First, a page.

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this powerful enemy, our virtue will be vanquished. Alas! we must watch against an enemy within; against our own hearts; against their treacherous purpose to betray us to the world; against their fondness for its vanities, its corrupt pomps and pleasures; against their flattery, which would lull us into security because we are free from gross vices, while we are strangers to the transforming power of divine grace, and destitute of holy affections, and of the heavenly hope which triumphs over both the sorrows and the pleasures of the world. We must guard against that delusion of our hearts which mistakes the fires of animal passion for the pure and steady flame of piety, and substitutes the extravagances of enthusiasm, which despises ordinances and depreciates moral virtue, for that pious fervour which walks blameless in all the ordinances of God, and which cherishes all the fruits of the Spirit-love, joy, peace, long-suffering, gentleness, goodness, faith, meekness, temperance; and which seeks to continue in these things, and to abound, that so an entrance may be obtained into the kingdom of our Lord and Saviour Jesus Christ.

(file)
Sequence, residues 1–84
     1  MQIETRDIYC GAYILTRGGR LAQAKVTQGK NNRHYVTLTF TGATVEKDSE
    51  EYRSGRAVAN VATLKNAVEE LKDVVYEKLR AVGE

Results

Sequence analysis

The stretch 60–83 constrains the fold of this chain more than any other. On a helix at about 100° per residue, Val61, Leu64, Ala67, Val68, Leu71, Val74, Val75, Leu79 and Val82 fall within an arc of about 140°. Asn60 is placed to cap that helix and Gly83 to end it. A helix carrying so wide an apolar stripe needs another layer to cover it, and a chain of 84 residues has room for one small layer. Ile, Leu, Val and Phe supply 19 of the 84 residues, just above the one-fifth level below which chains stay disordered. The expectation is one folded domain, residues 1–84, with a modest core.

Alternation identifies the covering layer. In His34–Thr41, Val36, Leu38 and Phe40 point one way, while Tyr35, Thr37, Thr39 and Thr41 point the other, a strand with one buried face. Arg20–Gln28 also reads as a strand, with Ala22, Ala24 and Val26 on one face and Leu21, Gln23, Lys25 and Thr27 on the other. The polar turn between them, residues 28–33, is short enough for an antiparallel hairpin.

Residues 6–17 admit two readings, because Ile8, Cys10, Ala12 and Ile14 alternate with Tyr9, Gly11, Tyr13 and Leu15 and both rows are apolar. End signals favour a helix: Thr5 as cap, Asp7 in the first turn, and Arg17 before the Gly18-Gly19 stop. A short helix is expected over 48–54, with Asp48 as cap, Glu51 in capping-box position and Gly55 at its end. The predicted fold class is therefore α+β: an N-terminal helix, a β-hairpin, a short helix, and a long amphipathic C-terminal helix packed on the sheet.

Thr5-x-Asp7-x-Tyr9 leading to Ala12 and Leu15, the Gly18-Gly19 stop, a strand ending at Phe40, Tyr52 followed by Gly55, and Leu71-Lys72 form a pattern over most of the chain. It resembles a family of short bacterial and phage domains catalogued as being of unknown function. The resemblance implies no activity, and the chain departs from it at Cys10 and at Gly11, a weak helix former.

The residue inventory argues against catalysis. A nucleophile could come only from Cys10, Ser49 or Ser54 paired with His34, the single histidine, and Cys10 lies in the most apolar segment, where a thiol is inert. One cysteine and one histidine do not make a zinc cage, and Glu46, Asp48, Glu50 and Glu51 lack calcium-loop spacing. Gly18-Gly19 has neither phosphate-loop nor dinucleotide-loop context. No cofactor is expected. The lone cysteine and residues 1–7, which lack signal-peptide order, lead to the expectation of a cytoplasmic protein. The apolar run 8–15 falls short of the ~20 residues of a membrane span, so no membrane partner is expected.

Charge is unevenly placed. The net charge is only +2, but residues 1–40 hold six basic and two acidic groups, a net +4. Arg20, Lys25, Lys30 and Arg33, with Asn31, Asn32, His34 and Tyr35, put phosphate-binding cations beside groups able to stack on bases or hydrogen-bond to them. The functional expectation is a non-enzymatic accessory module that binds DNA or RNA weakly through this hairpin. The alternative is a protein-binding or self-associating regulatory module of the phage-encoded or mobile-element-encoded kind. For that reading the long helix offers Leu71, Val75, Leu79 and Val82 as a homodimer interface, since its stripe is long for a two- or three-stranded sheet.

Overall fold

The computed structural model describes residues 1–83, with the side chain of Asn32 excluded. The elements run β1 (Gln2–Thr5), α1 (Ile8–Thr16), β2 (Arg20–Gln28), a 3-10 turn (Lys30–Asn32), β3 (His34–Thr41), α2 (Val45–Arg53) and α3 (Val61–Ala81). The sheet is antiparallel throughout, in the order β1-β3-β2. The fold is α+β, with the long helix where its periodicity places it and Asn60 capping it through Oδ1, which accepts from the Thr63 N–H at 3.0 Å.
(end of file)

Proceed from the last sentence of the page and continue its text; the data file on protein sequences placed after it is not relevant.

Christians! the renewing power of the Holy Ghost exerts his agency in your exercise of all those powers which make you moral and accountable creatures. You must be diligent in the Christian work of dying unto sin and living unto righteousness, and by his power the old man, your corrupt nature, will be buried, and the new man will be raised up in you. You must be watchful to resist the enemies, to a constant warfare with which baptism pledged you, and by the mighty power of the Holy Ghost you shall triumph against
the devil, the world, and the flesh. You must devote supreme diligence and constant watchfulness to the great business of your salvation, and through the mercy of God and the agency of his Spirit you shall be endued with heavenly virtues, and everlastingly rewarded. Imitate, Christians, children of the light, imitate the wisdom of the children of this world apply to your spiritual concerns that constant diligence and watchfulness with which they prosecute their temporal schemes, and guard against every occurrence which may endanger their temporal interests. We shall then behold you, Christians, no longer cold, formal, indevout, worldly, but displaying a lively, a vigorous, an heavenly piety, such as your holy profession enjoins, such as in her first days constituted the glory of the Christian church, and such only as can secure for you the favour of your God, and make you meet for his presence.
"If any man be in Christ, he is a new creature.” This is an inspired declaration, supported by the whole tenour of the Gospel, and set forth, with the utmost strength and perspicuity, in all the formularies of our church, and particularly in that baptismal office by which we were regenerated, brought into a state of salvation, and made God's children by adoption and grace.